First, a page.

M odern elections can be won or lost according to what I call The Underdog Effect. All media outlets, except those who are actually a branch of a political party – like Fox News or The Sun – have an interest in seeing an extremely close contest. A nail-biting finish makes for the best story. So the media overplay the chances of the underdog and underplay the chances of the favourite. That gives the underdog an aura of electability they don't actually deserve – but thereby increases their attractiveness to voters and so their eventual chance of winning. You're seeing this in the contest to be the Republican party's presidential candidate this autumn, which is the longest suicide march in modern American history. Mitt Romney should be clear favourite. But Newt Gingrich's superb performance in South Carolina has created a momentum which all of America's media wants to feed. Gingrich finally triumphing over Mitt the Moderate – long established as the front-runner – would be a great story.
Two remarkable polls over the last week have suggested that something similar might just happen in London's forthcoming Mayoral elections. A YouGov poll last week had Boris Johnson – long presumed likely to waltz to victory – two points behind Ken Livingstone.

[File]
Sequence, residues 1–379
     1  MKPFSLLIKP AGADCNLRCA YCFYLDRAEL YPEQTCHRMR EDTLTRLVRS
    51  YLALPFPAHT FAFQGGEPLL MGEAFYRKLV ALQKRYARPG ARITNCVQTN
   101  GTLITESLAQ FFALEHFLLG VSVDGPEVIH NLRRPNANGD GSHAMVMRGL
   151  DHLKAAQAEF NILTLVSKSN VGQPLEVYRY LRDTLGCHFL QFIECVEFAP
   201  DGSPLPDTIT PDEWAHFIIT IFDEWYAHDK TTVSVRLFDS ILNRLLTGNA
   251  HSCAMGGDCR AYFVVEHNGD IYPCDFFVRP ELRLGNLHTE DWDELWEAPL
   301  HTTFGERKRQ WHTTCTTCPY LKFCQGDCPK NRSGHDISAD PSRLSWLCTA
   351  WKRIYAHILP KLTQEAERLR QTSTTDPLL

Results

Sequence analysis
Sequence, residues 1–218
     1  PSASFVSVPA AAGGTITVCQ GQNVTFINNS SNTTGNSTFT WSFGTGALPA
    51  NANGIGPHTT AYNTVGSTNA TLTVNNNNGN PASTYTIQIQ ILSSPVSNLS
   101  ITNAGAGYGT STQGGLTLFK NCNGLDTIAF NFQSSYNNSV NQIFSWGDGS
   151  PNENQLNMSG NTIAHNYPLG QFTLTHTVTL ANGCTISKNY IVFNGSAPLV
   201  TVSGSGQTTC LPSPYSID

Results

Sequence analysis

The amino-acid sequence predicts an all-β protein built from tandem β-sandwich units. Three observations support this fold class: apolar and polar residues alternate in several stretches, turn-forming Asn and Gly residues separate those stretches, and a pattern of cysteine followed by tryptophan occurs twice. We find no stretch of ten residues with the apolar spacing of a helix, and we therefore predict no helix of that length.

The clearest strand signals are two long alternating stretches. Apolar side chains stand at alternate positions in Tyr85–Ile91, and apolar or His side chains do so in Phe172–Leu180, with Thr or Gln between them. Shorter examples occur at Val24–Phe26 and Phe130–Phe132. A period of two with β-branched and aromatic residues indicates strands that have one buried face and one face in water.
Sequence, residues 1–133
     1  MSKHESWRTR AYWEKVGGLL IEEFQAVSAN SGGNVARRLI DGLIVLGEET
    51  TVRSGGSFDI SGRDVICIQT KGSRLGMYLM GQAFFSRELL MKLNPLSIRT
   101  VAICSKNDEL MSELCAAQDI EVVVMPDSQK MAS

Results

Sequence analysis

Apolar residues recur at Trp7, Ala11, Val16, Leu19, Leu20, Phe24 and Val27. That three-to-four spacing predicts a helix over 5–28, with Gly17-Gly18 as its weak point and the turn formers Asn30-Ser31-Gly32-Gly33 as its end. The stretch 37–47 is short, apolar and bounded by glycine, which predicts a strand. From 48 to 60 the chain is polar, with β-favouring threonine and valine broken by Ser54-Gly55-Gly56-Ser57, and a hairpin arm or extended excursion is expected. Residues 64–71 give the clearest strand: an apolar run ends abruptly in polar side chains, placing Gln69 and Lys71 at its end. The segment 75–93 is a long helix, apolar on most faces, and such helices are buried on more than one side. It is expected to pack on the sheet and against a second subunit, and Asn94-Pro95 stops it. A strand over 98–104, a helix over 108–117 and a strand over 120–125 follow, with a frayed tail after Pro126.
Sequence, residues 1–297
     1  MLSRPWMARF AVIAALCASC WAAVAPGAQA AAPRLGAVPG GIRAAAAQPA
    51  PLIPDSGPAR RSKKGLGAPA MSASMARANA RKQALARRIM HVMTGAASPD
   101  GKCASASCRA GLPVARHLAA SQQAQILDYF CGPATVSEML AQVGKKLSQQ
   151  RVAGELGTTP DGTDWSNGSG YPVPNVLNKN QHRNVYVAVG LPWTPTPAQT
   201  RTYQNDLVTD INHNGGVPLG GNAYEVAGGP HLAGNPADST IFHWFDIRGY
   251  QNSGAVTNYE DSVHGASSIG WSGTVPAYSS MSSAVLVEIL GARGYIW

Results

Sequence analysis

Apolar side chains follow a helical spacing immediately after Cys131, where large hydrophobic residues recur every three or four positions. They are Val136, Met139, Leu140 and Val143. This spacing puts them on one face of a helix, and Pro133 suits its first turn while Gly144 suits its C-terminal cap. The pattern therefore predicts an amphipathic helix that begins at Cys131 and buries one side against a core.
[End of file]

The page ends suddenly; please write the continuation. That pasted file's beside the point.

Then a ComRes poll for yesterday's Evening Standard confirmed the surprise figures: Livingstone was again two points ahead. That's after being 8 per cent behind Boris in a Standard poll in November. The underdog is threatening to become the usurper. Game on! Even the Standard headline, which referred to an election fight "on a knife edge", shows how we hacks savour a close contest. Given that Boris has long been the favourite, reporters everywhere will know that the better Ken does, the bigger the upset – and the better the story. Labour campaigners ought now to put huge energy and resources behind Ken's campaign. In November I sat next to one of the failed candidates for Labour's leadership at dinner. He was so utterly hateful of Ken and dismissive of his chances that I presumed he was exceptional in the party. But in fact senior Labour figures have been briefing against Ken for weeks. If they want control of London again, that should stop.
As for Tories, the most striking finding in the poll is that Boris still leads Ken in the outer boroughs that delivered him victory last time, albeit by less. But in the inner boroughs, Ken is well ahead, with 68 per cent. Boris is doomed unless that number comes down. How to do it? The answer, in two words, is London Citizens. That will be the subject of my Thursday column.